A strategy of diversification - how the benefits of operating multiple concepts can outweigh the risks
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A strategy of diversification - how the benefits of operating multiple concepts can outweigh the risks

On Wall Street, smart investors will tell you that diversification is a critical part of any portfolio. It's an approach that can shelter investors from significant losses by spreading the risk. It's also a good way to ensure consistent dividends. And diversification is a strategy that is being adopted and becoming more and more popular among multi-unit franchise operators.

No longer content to operate within the framework of just one franchise concept, some area developers are broadening their horizons. There are risks involved to be sure, but many are finding the rewards to be well worth it.

So what are the benefits to operating multiple concepts? Well, there are a number of economies of scale that can result from expanding into other franchise concepts.

For example, single-concept multi-unit operators can grow beyond their existing territories or in areas where they may not be able to add new locations with their original concept. You're already familiar with the territory and the dynamics of your market. And you have knowledge of essential components such as local real estate, developers, and zoning requirements.

Multi-concept franchising also allows operators to hedge their investments against shifting consumer tastes. Consider how a number of food-service brands have experienced flat or declining sales in recent years. Adding a concept outside of food service spreads the risk and can offer a steady revenue stream elsewhere. It can also buy you some time to make adjustments in the under-performing concept.

And financially, a successful track record with one franchise concept demonstrates your ability (and offers collateral) to a host of lenders who can help you launch that next concept. And your existing operation and the value of your real estate can help you acquire a second or third concept, without putting a stranglehold on your cash flow.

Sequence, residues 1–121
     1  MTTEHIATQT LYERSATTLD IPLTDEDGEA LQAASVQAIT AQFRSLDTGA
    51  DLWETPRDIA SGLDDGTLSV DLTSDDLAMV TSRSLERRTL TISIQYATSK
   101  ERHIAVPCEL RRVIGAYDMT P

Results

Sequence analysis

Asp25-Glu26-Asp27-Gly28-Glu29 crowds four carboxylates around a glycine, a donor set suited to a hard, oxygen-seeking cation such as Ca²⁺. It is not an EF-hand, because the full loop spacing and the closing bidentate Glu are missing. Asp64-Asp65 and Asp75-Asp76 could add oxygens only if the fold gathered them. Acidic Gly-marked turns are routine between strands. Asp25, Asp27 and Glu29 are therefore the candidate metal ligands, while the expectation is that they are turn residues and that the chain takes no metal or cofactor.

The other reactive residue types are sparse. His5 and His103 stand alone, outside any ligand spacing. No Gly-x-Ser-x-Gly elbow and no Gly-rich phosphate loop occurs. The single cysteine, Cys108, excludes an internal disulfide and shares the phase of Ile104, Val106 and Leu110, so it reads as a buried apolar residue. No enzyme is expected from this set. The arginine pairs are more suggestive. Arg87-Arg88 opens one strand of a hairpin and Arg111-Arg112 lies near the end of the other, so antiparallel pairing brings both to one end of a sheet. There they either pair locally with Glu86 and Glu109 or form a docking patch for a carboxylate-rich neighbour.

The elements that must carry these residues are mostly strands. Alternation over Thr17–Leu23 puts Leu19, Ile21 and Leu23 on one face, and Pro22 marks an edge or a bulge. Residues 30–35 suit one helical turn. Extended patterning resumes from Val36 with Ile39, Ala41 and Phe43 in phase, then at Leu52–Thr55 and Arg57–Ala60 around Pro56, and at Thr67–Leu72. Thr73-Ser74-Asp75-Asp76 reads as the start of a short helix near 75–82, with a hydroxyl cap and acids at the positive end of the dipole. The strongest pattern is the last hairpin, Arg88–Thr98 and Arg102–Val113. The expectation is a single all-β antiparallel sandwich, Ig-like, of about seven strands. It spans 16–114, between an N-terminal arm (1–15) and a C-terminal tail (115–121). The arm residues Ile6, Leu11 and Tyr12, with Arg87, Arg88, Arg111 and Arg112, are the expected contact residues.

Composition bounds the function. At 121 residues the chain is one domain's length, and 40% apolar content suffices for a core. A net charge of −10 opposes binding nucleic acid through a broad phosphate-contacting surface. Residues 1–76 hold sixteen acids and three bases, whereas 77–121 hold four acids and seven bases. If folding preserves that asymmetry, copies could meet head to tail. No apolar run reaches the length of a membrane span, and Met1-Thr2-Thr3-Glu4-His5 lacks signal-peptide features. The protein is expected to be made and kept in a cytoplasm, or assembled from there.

Adding another concept to your organization also creates the possibility for co-branding opportunities. Depending on the compatibility of an additional concept, and any franchise restrictions, co-branding and co-marketing can make more efficient use of your advertising dollar.

There are economies of scale in administrative functions as a result of multi-concept diversification. Many management and accounting functions, for example, can be handled by your existing team. And, speaking of your team, if you've saturated the market with your original concept, you may have a dilemma to face, because you've likely got some well-trained employees seeking upward mobility or advancement. If you don't provide the opportunities you face the risk of employee turnover. Adding another concept can provide the opportunities they desire and allow you to grow with employees whose strengths will benefit the entire operation. All of this can help ensure the retention of good employees from the unit level on up through the main office.

Multi-concept operators are even finding some opportunities for maximizing vendor and supplier channels for their expanding operations. For example, one vendor may be able to service all of your equipment and as a result, offer you a more economical rate.

The dynamics are far reaching and there's much to consider, but synergies do exist.

Diversification and synergies

John Betz is president and CEO of Betz & Associates, which operates six Auntie Anne's Pretzels franchises and is a licensee for three Starbucks locations, all in the Philadelphia and southern New Jersey area. He says the combination of these two concepts has been perfect for his company and his business operating style.

"When the Starbucks opportunity came up for us, we looked really hard at the synergies that would be involved," he says. "It was important to determine if the style in which we operated our Auntie Anne's would fit with Starbucks." It did and he's been happy with the co-existence so far. Betz says it's important for the culture of operations to be complementary, even if the concept itself is not. He credits his management team and employees with much of the success.